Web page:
Unlike the seatbelt law, there is no law that says you have to keep a fire extinguisher in your car. But should your car or the car of another motorist you come upon ever catch fire, you’ll be glad you have one on board. Note that the above title reads “fully charged fire extinguisher,” which means that once you obtain your fire extinguisher it should be checked periodically to make sure it is fully charged and functional. Although most car fires are electrical, the fire extinguisher you purchase should be rated to handle all types of fires. You should also become acquainted with the proper use of a fire extinguisher, as using it incorrectly could result in a serious injury.

Sounds obvious, but a flat tire has stranded many a motorist because they neglected to make sure they had the full tire-changing setup in the trunk. A fully inflated spare tire, check. Jack, check. Lug wrench, check. Chock or block of wood to keep the car from rolling if on an incline, check. Once the complete setup is assembled your work is not yet done. You must now make sure that you and everyone who is going to drive the car has a working knowledge of how to change a flat tire. The best way to accomplish that is to give a tire-changing tutorial wherein you physically go through every step.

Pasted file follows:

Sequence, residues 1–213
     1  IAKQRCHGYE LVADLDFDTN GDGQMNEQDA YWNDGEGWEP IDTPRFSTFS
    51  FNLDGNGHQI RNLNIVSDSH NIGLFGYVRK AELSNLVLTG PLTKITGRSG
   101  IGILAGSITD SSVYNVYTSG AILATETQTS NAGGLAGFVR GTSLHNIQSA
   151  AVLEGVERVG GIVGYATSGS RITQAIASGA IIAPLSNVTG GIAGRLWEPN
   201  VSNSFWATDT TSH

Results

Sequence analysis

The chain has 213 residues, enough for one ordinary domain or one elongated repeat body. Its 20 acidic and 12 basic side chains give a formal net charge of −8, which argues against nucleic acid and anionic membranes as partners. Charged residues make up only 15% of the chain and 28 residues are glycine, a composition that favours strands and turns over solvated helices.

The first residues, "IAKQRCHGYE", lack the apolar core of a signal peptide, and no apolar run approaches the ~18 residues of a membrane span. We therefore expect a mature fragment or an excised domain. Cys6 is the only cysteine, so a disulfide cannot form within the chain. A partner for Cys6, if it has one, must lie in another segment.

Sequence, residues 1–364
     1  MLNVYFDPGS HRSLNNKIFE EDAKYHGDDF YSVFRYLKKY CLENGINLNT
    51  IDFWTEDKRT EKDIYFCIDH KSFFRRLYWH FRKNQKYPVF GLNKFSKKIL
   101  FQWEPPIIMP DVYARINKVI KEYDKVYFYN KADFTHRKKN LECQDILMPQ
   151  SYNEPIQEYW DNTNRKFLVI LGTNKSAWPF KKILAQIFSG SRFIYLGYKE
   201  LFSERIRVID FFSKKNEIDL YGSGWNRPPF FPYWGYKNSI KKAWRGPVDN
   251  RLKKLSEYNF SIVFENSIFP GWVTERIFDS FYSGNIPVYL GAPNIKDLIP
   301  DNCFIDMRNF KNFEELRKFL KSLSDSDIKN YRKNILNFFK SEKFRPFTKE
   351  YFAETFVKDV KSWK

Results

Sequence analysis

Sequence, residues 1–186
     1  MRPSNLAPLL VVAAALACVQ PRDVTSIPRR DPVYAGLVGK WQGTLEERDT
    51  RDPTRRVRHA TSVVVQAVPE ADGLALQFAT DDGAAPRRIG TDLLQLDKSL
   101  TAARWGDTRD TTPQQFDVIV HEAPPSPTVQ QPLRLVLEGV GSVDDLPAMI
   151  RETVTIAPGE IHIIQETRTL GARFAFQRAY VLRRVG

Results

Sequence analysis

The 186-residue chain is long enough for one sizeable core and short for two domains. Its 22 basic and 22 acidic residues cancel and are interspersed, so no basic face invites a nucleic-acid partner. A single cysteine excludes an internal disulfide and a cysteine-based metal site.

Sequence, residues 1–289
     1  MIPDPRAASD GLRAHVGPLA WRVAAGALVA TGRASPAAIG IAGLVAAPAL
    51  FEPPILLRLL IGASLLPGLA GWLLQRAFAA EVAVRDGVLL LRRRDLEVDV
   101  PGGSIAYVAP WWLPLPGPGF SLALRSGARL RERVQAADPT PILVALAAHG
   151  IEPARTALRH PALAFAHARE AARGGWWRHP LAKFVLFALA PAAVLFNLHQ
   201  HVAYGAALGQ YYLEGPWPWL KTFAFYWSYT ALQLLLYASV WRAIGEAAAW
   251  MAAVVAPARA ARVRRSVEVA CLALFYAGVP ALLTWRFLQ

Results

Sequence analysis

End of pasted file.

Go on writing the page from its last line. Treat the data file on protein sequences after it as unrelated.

• Reflective signs or road flares –

You can’t control where your car breaks down, but you can be prepared to warn other drivers of the road hazard your car has become. If you’ve ever taken a defensive driving course, you would know that road flares or reflective triangles are essential emergency items that very well could save your life and the lives of other motorists.